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    Just watched this David Heinemeier Hansson talk from Startup School. This is a great thing to watch if you're starting a career as a developer, or ten years along.

    His basic point is this. Lots of times developers might see their range of options as working as an employee, or founding a venture-funded startup. Those can be great options in the right situations, I enjoyed working at Red Hat and am enjoying the startup I'm a part of now.

    There's an under-considered third option: create a small, sustainable business. Sometime since the dot-com boom (back then everyone was buying huge racks of Sun servers), it became possible to launch a web app or web site for almost no up-front investment. You can buy just one server in a colo, or even better, use flexible utility services such as Google App Engine, Amazon EC2, or Mosso.

    There are inexpensive, pay-as-you-go, automated ways to do all the mechanics of a business, such as collecting payment (PayPal, Google Checkout, Amazon) and advertising (both buying ads and selling ad space). None of these have up-front fixed costs.

    If you want to be old school you could even create a non-web app and sell that. I guess there's nothing 100% new here; developers have been writing shareware and doing freelance work forever.

    Whatever the details, as a software developer all indications are that you can start a simple small business with just your own skills. The only investment will be your living expenses. There are many ways to cover living expenses (consulting/freelance, savings, mooching). It helps if you live well within your means.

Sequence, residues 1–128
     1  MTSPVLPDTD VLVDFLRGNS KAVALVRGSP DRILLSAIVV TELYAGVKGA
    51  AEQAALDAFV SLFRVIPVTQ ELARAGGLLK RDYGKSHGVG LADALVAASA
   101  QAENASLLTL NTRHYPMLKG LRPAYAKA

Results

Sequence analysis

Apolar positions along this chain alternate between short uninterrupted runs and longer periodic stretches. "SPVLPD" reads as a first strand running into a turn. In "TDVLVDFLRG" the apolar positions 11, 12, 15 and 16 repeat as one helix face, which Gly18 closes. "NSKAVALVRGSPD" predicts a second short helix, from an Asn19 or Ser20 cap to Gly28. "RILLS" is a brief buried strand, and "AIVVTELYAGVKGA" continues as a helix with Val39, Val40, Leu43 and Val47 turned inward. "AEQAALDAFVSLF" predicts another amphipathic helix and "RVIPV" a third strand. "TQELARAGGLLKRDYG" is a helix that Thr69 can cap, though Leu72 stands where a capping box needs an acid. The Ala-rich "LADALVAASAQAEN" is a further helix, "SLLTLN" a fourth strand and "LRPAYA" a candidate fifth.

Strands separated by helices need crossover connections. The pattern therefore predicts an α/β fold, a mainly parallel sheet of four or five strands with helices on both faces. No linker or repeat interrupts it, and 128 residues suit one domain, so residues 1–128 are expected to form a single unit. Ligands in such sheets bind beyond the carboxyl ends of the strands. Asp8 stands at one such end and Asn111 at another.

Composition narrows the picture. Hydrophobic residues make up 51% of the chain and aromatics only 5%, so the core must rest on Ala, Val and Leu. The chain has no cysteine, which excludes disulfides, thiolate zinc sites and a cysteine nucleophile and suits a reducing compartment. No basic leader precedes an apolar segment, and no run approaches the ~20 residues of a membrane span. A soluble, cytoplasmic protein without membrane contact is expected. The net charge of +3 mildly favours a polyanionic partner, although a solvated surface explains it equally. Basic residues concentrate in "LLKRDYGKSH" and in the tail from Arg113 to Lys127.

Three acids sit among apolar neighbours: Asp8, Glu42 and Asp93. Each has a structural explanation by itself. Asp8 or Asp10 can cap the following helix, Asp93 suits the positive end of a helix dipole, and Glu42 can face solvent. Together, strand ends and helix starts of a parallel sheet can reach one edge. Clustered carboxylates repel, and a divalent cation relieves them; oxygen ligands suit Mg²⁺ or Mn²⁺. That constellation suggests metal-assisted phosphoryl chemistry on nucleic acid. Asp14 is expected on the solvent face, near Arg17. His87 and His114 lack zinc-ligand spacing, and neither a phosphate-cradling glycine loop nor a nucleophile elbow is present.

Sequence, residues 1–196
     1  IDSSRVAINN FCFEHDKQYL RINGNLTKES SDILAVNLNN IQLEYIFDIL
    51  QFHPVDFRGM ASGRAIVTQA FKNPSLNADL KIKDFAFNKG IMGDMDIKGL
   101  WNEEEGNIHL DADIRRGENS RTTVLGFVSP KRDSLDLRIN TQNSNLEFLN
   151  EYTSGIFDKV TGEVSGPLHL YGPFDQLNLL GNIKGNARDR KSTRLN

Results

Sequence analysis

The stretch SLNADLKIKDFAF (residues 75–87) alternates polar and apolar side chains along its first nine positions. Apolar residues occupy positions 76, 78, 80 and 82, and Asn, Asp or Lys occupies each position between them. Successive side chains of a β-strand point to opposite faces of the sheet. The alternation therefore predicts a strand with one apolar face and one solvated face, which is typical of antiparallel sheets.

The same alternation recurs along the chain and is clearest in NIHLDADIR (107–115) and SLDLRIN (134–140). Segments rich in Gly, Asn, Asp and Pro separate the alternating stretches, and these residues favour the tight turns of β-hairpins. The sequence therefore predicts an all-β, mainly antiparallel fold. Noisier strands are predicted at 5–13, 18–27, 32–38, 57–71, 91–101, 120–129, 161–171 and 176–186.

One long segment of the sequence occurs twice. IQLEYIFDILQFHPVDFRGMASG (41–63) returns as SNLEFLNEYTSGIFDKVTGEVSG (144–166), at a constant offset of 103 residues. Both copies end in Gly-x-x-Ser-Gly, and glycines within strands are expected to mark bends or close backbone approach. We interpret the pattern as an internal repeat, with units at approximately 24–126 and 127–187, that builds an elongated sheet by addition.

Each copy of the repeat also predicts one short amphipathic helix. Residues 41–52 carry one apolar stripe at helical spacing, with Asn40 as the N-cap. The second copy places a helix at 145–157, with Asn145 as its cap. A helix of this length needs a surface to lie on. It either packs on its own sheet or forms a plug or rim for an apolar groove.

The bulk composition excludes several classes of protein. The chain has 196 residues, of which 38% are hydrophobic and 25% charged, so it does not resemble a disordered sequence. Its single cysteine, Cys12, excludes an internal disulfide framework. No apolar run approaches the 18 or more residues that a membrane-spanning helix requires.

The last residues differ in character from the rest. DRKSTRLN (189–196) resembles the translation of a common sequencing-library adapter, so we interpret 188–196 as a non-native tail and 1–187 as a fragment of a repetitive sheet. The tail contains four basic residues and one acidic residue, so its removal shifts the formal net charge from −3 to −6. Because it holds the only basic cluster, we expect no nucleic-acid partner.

Disclaimer: I haven't done this myself. I've been fortunate enough to find other stuff I wanted to do and people I wanted to work with. But I have seriously considered it. A while back I tried figuring out in detail how I'd do it. I came up with numbers pretty similar to the ones David Heinemeier Hansson mentions in his talk.

    If you find something you can charge $5/month for, or better $40/month for, the number of customers you need to match typical software developer salaries just isn't that high. Make a spreadsheet and play with your own numbers to prove it to yourself.

    Your product can be niche, or regional, and still be worth your time.

    Coming up with product ideas is hard, but it's a lot easier if you're trying to come up with something small a few people might want, instead of trying to invent a product worth hundreds of millions.

    Why is this huge? Think of the confidence and independence it should give you to know that by yourself, or with a couple friends, you can go earn money directly. Employers and investors have advantages and often make sense to work with, but if the relationship isn't mutually beneficial, you don't need it. That's a great thing about software development as a career in 2008.

    Even if you never end up starting your own business, you'll be a much more valuable employee (and earn what you're worth) if you have all the skills you'd need to go out on your own. Learn something about UI design and financial math and marketing and legal issues. Why stick only to code? The world is a complicated place.

    Surely it's a worthwhile exercise for all developers to work through what they could do on their own - what they could contribute to the world, what they could earn, and what their quality of life could be like. Identify any missing skills. Develop a concrete plan. Then use your plan as a baseline when choosing people and companies to work with. Why settle for less?